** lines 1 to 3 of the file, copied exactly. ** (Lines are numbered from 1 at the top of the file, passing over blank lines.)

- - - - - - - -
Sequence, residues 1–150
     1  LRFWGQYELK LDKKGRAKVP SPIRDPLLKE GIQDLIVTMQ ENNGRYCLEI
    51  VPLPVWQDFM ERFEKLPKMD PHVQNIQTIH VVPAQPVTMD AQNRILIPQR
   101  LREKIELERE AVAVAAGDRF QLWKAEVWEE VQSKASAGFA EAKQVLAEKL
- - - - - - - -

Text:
Sequence, residues 1–150
     1  LRFWGQYELK LDKKGRAKVP SPIRDPLLKE GIQDLIVTMQ ENNGRYCLEI
    51  VPLPVWQDFM ERFEKLPKMD PHVQNIQTIH VVPAQPVTMD AQNRILIPQR